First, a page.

CSA tells senators sequestration would impact readiness
February 12, 2013
By Cody Starken
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WASHINGTON (Feb. 12, 2013) -- Furloughs, budget cuts and curtailment of training could significantly impact Army readiness if sequestration is allowed to take place March 1, Chief of Staff of the Army Gen. Ray Odierno told lawmakers Tuesday morning.
Odierno testified to the Senate Armed Services Committee, along with Deputy Secretary of Defense Ashton Carter, and the other military service chiefs, regarding sequestration.
Sequestration would trigger an approximate 10-percent budget cut across the government March 1, in accordance with a clause in the National Defense Authorization Act for fiscal year 2013, unless Congress and the president can reach a compromise before then.
"The fiscal outlook that the Army faces in fiscal year 13 is dire, and to my knowledge, unprecedented," Odierno said.
Since 2008, the total Army budget will have been reduced by 37 percent. If sequestration is enacted, it will be greater than 45 percent. This reduces the ability to reset the force, and delays all the modernization programs the Army currently funds, he said.
"We simply cannot take the readiness of our force for granted. If we do not have the resources to train and equip the force, our Soldiers, our young men and women, are the ones who will pay the price, potentially with their lives," said Odierno.
The Army will also have constraints on military training and readiness, Odierno said, and activities will face budget cuts for the current fiscal year and beyond. Even though current military personnel are spared, civilian employees will be affected through layoffs and furloughs. An Army-wide hiring freeze has already begun, and about 3,100 temporary and term employees have been terminated.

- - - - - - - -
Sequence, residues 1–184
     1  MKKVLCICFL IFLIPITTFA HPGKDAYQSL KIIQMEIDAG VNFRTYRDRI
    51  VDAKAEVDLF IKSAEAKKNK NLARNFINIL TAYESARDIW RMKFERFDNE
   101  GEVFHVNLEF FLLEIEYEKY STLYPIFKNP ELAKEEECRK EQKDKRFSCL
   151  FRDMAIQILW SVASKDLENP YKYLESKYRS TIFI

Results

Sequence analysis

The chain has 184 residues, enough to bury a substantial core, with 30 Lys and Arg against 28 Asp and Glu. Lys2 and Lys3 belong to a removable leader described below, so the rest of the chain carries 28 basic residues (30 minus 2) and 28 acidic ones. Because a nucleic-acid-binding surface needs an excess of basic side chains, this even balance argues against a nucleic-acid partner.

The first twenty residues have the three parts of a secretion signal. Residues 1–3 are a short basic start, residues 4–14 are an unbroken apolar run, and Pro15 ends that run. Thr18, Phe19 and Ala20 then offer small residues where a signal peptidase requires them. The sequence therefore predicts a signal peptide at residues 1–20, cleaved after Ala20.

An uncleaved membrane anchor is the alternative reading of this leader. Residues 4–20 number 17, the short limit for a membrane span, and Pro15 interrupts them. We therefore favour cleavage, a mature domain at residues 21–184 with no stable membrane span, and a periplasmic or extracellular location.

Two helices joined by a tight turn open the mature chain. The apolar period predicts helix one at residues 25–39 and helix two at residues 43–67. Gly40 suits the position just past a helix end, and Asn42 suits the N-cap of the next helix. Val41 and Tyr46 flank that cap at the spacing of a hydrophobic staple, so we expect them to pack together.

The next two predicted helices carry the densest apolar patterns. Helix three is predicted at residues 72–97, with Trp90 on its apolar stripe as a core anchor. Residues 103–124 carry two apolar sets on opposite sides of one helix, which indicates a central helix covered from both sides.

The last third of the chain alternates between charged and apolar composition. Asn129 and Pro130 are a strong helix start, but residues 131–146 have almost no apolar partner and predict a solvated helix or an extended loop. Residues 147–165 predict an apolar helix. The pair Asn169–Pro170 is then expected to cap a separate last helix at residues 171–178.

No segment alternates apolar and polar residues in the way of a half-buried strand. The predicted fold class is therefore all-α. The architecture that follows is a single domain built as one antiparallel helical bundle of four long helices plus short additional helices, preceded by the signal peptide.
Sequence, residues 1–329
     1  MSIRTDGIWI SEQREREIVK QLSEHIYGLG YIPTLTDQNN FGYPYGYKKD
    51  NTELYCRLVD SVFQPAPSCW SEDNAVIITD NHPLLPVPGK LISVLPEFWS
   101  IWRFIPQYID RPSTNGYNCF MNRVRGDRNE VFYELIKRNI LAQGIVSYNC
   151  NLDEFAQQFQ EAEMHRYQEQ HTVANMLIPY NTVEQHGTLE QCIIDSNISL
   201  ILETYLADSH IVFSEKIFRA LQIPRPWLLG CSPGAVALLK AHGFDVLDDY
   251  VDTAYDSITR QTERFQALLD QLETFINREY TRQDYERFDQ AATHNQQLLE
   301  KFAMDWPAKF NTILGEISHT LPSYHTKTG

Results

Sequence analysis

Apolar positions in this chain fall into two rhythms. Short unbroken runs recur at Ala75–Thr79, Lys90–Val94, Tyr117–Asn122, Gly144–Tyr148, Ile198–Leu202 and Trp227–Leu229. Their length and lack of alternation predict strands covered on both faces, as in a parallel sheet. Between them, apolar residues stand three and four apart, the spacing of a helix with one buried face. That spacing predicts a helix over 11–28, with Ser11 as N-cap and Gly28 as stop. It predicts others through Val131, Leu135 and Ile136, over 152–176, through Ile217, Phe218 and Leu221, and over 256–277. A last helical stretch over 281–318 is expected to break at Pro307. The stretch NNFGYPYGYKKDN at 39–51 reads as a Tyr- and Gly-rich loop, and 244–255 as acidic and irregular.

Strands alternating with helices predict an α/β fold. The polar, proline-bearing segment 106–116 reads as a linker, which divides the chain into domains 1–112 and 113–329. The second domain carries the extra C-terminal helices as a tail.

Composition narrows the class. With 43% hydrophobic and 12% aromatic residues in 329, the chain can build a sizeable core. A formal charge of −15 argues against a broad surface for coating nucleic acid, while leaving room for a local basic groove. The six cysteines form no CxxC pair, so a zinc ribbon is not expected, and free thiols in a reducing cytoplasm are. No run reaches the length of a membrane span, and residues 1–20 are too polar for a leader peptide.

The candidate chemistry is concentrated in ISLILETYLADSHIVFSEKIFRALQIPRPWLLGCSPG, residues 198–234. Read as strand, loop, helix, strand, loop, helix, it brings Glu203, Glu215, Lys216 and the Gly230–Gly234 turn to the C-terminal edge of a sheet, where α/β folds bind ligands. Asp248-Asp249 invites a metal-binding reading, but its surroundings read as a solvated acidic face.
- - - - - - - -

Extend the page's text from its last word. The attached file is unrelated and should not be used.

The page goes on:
This sequestration means curtailing training of 80 percent of ground forces, affecting basic war-fighting skills. It could also introduce a critical shortfall in areas such as aviation, intelligence and engineering, Odierno said.
Personnel, training, and equipment weren't the only things discussed regarding sequestration. Local business will be affected as well.
"In the Army, we are going to have to reduce purchase orders from 3,000 small companies," said Odierno. "From an Army prospective, it will hit the small companies, which are really devastating ."
The National Guard was present to express their challenges due to sequestration.
"Full sequestration and the year-long resolution will directly impact the readiness of our units and will have an impact on the full range of our National Guard activities," he said. "In the area of personnel: a government, civilian, and military-technician hiring freeze compounded by a 22-day furlough will limit our ability to train and maintain our National Guard forces," said Gen. Frank Grass, chief of the Army National Guard.
The Army, as well as the rest of the services, implores resolution to happen soon to prevent sequestration from occurring and affecting the overall readiness of the forces.
"I know what it takes to prepare this nation's sons and daughters for war. I know what it takes to grow leaders in our Army. I know what is required to send Soldiers into combat, and I've seen the consequences when they are sent unprepared," said Odierno.